Martin Herrick's Fate
The Bottom Falling out of a Stone Scow
Leaves Four Men Struggling in the Lake
About nine o'clock this morning the small stone scow "Tip-Top" started from Bundyville on the Oswego river, with stones for the new harbor improvement, having on board John Richardson and Joseph Aker of Fulton and Artemus Burchim and Martin Herrick of Bundyville. Arriving here, she was taken in tow by the tug Steve H. Lyons and when just outside the lighthouse the waves commenced rolling over her, dangerously.
Aker and Richardson held planks up at the bow to keep the water from boarding the scow, but they proved little better than useless. Aker jumped from the bow of the stone scow to the hawser with the intention of working his way to the tug, a distance of 50 feet. He was immediately followed by Richardson and Herrick. Burchim stood about in the center of the scow on some stones, when the bottom fell out, letting all four men into the water. Aker held on to the hawser and was pulled under by it. He said he thought he was only under a passing wave but after a short time it occurred to him that perhaps the scow might have gone down.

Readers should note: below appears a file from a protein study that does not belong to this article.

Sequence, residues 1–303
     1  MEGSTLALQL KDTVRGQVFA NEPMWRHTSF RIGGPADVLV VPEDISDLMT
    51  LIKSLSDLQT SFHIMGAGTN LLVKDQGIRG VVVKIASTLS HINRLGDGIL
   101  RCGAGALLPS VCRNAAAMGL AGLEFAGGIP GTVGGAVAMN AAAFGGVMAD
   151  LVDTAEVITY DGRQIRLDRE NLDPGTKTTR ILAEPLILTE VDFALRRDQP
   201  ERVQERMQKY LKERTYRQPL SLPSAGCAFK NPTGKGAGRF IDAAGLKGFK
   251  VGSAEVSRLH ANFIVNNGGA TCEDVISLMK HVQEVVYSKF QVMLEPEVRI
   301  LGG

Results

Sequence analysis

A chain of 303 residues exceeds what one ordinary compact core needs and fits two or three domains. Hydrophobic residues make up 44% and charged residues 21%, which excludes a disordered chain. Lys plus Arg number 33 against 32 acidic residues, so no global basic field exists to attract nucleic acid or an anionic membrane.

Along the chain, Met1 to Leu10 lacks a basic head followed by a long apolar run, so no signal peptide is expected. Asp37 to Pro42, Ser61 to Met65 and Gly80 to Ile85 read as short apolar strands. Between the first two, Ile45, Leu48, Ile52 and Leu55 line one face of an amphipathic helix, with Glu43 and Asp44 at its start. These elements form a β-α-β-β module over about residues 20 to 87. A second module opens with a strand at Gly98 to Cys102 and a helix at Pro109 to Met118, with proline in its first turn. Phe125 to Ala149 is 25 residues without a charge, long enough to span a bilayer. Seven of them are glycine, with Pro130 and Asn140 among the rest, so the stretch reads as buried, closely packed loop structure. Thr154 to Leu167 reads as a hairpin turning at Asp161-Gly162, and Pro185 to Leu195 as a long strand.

He let go, rose to the surface and by the aid of a line was taken aboard the tug. Richardson let go the hawser immediately when it was being pulled under and got hold of a plank from which he was taken by the tug. Burchim fell through the sides of the scow and when he came up, got on to the deck of the cabin. He was also picked up by the tug. Martin Herrick was not seen after the scow sank. He was 20 years old, married nearly a year and has child about a week old. He was a son-in-law of Artemus Burchim, the last man saved. Search is now being made for his body.
Capt. Scott of the tug Lyons said he noticed the boat was rolling as they were going out of the river, and he asked Herrick if they should turn back. Herrick replied that she was all right and to go ahead. Capt. Scott says when she went down her bottom dropped right out and her sides fell apart. He backed the tug and got the three men. Herrick he says was at the pump and never once came to the surface.
Henry Munroe, out sailing, has found a pocket book afloat, probably belonging to the drowned man. It is at this office.